[ US /ˈskɹeɪp/ ]
[ UK /skɹˈe‍ɪp/ ]
  1. bruise, cut, or injure the skin or the surface of
    The boy skinned his knee when he fell
  2. cut the surface of; wear away the surface of
  3. make by scraping
    They scraped a letter into the stone
  4. gather (money or other resources) together over time
    they scratched a meager living
    She had scraped together enough money for college
  5. bend the knees and bow in a servile manner
  6. scratch repeatedly
    The cat scraped at the armchair
  1. an indication of damage
  2. an abraded area where the skin is torn or worn off
  3. a deep bow with the foot drawn backwards (indicating excessive humility)
    all that bowing and scraping did not impress him
  4. a harsh noise made by scraping
    the scrape of violin bows distracted her
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How To Use scrape In A Sentence

  • As for bridges, fairground rides, aeroplanes and indeed absurdly altitudinous skyscrapers that move perceptibly in the breeze - not fine. Times, Sunday Times
  • So in the end they could only scrape through 1-0 with a goal by the ever inventive and adroit Dutchman, Dennis Bergkamp.
  • Like a widening conveyer belt it scraped away more and more of the hillsides and carried off the debris.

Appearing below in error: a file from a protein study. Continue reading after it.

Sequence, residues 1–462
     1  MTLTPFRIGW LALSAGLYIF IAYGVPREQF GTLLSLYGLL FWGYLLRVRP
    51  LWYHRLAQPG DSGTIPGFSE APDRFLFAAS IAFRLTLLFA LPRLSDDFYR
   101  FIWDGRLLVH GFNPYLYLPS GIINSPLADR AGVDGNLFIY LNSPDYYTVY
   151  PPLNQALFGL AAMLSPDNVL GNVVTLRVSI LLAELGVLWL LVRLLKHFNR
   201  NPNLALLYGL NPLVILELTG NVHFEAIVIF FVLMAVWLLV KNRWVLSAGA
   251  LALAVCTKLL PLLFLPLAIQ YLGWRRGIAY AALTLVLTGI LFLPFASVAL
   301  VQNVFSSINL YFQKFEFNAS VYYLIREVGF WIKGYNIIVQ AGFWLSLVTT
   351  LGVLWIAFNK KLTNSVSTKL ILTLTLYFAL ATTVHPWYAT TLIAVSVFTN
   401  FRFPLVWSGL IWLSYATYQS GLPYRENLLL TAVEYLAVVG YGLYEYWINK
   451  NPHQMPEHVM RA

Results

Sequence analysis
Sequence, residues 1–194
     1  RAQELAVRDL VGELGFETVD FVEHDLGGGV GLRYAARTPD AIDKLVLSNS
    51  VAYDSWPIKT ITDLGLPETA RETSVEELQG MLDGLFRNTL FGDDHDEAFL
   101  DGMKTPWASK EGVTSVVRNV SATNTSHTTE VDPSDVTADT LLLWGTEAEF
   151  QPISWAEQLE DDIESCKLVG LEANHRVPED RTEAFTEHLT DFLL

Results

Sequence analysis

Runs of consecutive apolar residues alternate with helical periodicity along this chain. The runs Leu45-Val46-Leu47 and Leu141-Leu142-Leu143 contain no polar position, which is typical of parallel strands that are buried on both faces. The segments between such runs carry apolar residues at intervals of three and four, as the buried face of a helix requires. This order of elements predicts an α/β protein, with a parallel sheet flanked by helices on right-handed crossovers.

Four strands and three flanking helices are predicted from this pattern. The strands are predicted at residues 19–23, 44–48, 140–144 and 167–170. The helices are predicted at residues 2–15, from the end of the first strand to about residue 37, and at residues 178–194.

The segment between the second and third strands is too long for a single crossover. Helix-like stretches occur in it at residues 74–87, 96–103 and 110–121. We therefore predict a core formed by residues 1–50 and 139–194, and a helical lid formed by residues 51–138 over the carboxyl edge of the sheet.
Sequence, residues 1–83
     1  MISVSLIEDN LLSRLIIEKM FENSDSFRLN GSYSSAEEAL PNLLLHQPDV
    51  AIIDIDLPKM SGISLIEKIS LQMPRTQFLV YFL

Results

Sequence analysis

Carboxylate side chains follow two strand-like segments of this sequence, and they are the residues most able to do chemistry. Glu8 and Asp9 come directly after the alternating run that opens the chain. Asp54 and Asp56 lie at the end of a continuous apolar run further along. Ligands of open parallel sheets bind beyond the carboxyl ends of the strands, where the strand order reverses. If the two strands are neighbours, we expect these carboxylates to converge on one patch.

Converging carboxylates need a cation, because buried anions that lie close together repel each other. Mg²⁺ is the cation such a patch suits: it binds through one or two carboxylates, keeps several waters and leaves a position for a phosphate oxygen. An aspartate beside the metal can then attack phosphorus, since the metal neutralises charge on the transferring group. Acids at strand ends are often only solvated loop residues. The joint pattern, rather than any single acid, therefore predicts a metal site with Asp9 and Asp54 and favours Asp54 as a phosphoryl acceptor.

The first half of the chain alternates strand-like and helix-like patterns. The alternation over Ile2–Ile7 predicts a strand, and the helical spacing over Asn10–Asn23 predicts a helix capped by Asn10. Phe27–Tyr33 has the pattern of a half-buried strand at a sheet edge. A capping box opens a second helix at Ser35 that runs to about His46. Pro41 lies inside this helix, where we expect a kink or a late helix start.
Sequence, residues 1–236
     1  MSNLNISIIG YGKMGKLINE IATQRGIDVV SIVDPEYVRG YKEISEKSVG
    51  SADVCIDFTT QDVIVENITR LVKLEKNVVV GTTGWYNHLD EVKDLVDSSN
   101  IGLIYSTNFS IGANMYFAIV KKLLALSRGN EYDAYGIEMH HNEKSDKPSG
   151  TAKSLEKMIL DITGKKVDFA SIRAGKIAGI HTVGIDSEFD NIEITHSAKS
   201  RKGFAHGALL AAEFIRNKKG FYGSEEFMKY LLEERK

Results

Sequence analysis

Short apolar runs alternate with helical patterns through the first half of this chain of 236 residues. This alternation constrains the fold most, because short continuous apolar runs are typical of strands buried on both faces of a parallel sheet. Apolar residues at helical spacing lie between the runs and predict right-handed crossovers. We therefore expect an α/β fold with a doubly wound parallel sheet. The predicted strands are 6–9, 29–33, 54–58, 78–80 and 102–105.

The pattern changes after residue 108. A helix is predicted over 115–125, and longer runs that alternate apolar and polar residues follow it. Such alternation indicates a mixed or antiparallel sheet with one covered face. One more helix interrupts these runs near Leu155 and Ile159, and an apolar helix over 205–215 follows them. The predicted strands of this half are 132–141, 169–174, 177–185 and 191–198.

• The city was overcrowded with tall skyscrapers and noisy vehicles of all sorts.
  • Kate Winslet, cast before she played Marianne, wears no makeup and her hair is scraped back into an unbecoming bun.
  • Four people were gored and several others sustained scrapes and cuts yesterday as large crowds of enthusiasts in the Spanish city of Pamplona ran alongside six fighting bulls in the third bull run of the annual San Fermin festival.
  • Every time I can scrape a few quid together, I smack 'em straight into the premium bonds.
  • Even as a child I had heard what a monadnock was - a huge lump of rock rising above rolling forests, a big hunk scraped bare but still left after the icecap had gone back.
  • Once the cut has been made, scrape the inside using an old spoon to remove all the seeds and membrane attached to the sides and bottom of the gourd.
  • As the sun sets on the skyscrapers, neon lights hug the outsides of the buildings, making the skyline look as impressive at night as it does during the day.
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